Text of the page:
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Behind the scenes at WaggaWuffins Canine College in Bury

PUBLISHED: 00:00 07 March 2017

Brooke practises climbing over a stile

Brooke practises climbing over a stile

Archant

Crufts is about to start, bringing back happy memories for Bury’s award winning dog trainer. Mairead Mahon went walkies

Jane after collecting her award at Crufts Jane after collecting her award at Crufts

THEY say that if you want your son to go to Eton, you should put his name down as soon as he is born. The same is almost true if you want your pooch to go to the doggy equivalent in Lancashire.

Like all the best schools, WaggaWuffins Canine College in Bury has a very long waiting list. It might just have something to do with the fact that the ‘headmistress’, Jane Ardern, is the Kennel Club Trainer of the Year.

Recalling the magic moment her name was read out at Crufts, Jane says: ‘It was one of the most exciting things to ever happen to me, especially as it was my own clients who had nominated me. After a fairly rigorous interview, I made it onto a shortlist of five and was invited down to Crufts.

‘There’s no doubt about it, I was nervous, but so many supporters and clients came along, they gave me confidence. When I was announced as the winner, the applause was deafening but all I could think about was not dropping the award and, thank goodness, I didn’t!’ The only down side was her partner, Mike, could not be there as he was nursing a bad back.

Scout, Miniature American Shepherd on a placeboard, used to train distance control and 'stays' Scout, Miniature American Shepherd on a placeboard, used to train distance control and 'stays'

Winning prizes was the last thing on Jane’s mind when she began training dogs in the early 1990s with a rescue dog that was a cross between a St Bernard and a Rottweiler.

‘It’s not always easy to train rescue dogs especially if they have been traumatised in some way and suffer from anxiety but it wasn’t long before I realised just how rewarding it could be. I enrolled on dog training courses while still working at my day job as a business improvement analysist. But sometimes you know you just have to follow your heart so I gave up my job to take a degree in Canine Behaviour and Training.’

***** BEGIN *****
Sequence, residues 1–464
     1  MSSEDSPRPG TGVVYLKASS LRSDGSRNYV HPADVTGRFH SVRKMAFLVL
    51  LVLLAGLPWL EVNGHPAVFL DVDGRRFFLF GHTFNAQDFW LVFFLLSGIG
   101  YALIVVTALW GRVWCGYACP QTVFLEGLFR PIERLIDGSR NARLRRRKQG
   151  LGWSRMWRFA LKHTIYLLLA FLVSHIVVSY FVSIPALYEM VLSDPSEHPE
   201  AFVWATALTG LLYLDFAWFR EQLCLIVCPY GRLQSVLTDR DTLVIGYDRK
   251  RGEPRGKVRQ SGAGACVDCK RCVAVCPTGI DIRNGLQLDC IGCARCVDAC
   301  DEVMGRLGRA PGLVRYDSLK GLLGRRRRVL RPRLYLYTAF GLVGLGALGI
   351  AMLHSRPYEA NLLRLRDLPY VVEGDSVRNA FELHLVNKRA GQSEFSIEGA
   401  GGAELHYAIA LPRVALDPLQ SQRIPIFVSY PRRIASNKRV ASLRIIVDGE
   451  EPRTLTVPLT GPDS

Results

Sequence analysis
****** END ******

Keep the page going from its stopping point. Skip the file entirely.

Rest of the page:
She gained her degree – the ceremony was witnessed by two of her dogs – and her tutors were so impressed by her skills she was asked to go back to college as a teacher. But eight years ago she decided to go it alone after deciding there was a need for a dog training programme that relied on kindness, motivation and respect – and not just for the dogs!

‘As well as knowing about the psychology of dogs, I do need to sometimes understand the psychology of humans,’ says Jane, who also uses the click and treat method. ‘After all, I’m training the client to train their dog. I always remember how nervous I was when I began and that isn’t a bad thing when placing myself in clients’ shoes.

KCAI Dog Trainer of the Year 2015 KCAI Dog Trainer of the Year 2015

‘I know what it feels like to have the naughtiest dog in class. Sometimes, a situation can be helped by a human making subtle changes in their body language.’

Her methods obviously work as Jane’s small classes are always oversubscribed. Some of those who have a place are graduates of Jane’s prep school for puppies where, among other things, they learn how to socialise, keep calm and not to bite: useful skills for all of us! They may not have to pass GCSEs but they can gain an official Kennel Club Puppy Rosette and certificate.

When they get to ‘Big School’, they can develop all sorts of skills from gun work and self-control to mindfulness, recall and scent work and some dogs are trained to be helping dogs for people who may suffer from conditions such as arthritis. Such is Jane’s reputation that she runs weekend and day courses which people travel to from all over the UK, including professional dog trainers. Demand has even led her to offering on-line courses.

More unusually, Jane has her own entry in the Internet Movie Database, as she has worked as a dog handler for films, advertisements and photo shoots. One film, ‘Fetch’ called for a dog to run with a human arm in its mouth – made of latex, thankfully – but the dog was disappointed that it wasn’t real and took a lot of gentle persuasion to perform.

‘Sometimes commercial clients don’t always realise that allowances have to be made for a dog’s personality. For one commercial, I was asked to ensure a dog walked nicely through a forest without stopping. Any dog lover will know this is a big ask for any dog who finds themselves in a wood but, in this case, the client insisted a beagle was used – not a good idea as they are the most curious breed around. Like all divas, the beagle made sure she got everything she wanted, in this case a good sniff around before turning in her performance.’

Jane owns five dogs, four working cocker spaniels and a Polish lowland sheepdog, and she transports them in an ancient Land Rover. Relaxation comes from walking them.

‘Lancashire has got to be one of the best places in the UK to have a dog, whether it’s a gun dog, a companion or a helping dog. Wherever we are, we are never more than a short drive from fantastic countryside. I love going to Winter Hill with my dogs and yes, I always make it to the top because owning a dog keeps you fit,’ says Jane.

But, when she does relax, where does she stand on the Great Dog in the Bed debate?

‘I admit when I was single, a dog slept on the end of the bed but now I’m not and, besides, I do have five, so I have a dormitory for them just off the kitchen,’

Perhaps dormitories could be introduced to Waggawuffins – after all it is the Eton for dogs.

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